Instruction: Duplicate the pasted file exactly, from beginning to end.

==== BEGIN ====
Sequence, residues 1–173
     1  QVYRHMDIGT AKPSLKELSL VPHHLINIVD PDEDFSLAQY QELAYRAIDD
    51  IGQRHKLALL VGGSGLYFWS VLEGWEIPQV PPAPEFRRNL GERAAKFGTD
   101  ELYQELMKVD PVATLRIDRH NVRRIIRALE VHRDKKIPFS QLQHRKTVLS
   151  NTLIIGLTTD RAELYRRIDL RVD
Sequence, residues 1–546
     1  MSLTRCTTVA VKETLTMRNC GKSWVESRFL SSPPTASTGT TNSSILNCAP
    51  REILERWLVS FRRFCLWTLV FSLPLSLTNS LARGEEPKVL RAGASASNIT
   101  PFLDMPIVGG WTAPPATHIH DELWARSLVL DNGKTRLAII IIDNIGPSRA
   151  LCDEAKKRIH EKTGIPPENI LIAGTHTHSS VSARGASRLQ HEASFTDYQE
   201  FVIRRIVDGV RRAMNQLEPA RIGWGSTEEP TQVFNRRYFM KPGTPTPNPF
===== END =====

Sequence, residues 1–173
     1  QVYRHMDIGT AKPSLKELSL VPHHLINIVD PDEDFSLAQY QELAYRAIDD
    51  IGQRHKLALL VGGSGLYFWS VLEGWEIPQV PPAPEFRRNL GERAAKFGTD
   101  ELYQELMKVD PVATLRIDRH NVRRIIRALE VHRDKKIPFS QLQHRKTVLS
   151  NTLIIGLTTD RAELYRRIDL RVD
Sequence, residues 1–546
     1  MSLTRCTTVA VKETLTMRNC GKSWVESRFL SSPPTASTGT TNSSILNCAP
    51  REILERWLVS FRRFCLWTLV FSLPLSLTNS LARGEEPKVL RAGASASNIT
   101  PFLDMPIVGG WTAPPATHIH DELWARSLVL DNGKTRLAII IIDNIGPSRA
   151  LCDEAKKRIH EKTGIPPENI LIAGTHTHSS VSARGASRLQ HEASFTDYQE
   201  FVIRRIVDGV RRAMNQLEPA RIGWGSTEEP TQVFNRRYFM KPGTPTPNPF